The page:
The Content Paywall Ostriches

Adam Tinworth
Adam Tinworth

To dismiss the whole of the free-to-air reporting, analysis and
news-gathering being done on blogs and the myriad forms of social media
that exist in that one paragraph is to duck the crucial question of
“what do you offer that’s so much more compelling than the work done on
free content”. Worse than that, it shows a worrying ignorance of the
material and work that is being done by the amateur and the
entrepreneurial professional in the field of online journalism.
Research is meant to be a crucial part of journalism, and it had better
be part of any business plan. There’s no research here, just prejudice
and, I suspect, fear.

He also makes the normal spurious pleas to democratic nobility –
through some sort of reporting elite, ironically – that are trotted out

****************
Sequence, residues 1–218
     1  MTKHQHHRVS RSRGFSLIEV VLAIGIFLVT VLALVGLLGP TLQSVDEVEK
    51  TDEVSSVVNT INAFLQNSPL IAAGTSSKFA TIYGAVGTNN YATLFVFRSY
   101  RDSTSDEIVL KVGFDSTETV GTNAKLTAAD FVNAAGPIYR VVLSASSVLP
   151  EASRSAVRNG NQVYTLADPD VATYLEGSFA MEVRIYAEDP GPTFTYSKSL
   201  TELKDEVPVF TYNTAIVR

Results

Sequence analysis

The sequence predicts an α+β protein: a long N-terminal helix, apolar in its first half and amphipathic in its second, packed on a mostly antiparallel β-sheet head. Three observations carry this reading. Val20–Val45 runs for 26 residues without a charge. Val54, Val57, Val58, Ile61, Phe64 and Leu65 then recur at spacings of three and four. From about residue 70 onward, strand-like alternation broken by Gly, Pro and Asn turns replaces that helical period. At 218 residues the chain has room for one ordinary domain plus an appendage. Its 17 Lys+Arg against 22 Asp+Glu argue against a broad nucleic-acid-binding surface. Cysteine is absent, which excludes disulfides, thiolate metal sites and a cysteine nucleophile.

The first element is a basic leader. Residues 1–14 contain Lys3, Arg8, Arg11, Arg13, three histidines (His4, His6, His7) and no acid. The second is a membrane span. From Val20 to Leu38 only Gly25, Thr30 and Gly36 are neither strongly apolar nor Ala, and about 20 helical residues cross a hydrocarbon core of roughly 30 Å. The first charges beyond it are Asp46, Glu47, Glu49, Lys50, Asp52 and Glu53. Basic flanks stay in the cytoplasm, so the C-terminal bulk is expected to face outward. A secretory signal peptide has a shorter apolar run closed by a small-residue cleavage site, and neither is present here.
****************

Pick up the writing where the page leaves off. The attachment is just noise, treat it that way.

again and again. And I think to myself “I’ve seem more genuine holding
of local politicians to account by local bloggers in south-east London than I have by the local newspaper“.

Even Johnston Press admits it’s just testing the water here. It’s going to take more than a paywall to save us from the shifts in the information ecology around us.

Update: A few minutes after I posted, I saw this. May I suggest that it’s just further evidence of the disconnect between the perceived value of the local press and the often tawdry reality?


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Adam is a lecturer, trainer and writer. He's been a blogger for over 20 years, and a journalist for more than 30. He lectures on audience strategy and engagement at City, University of London.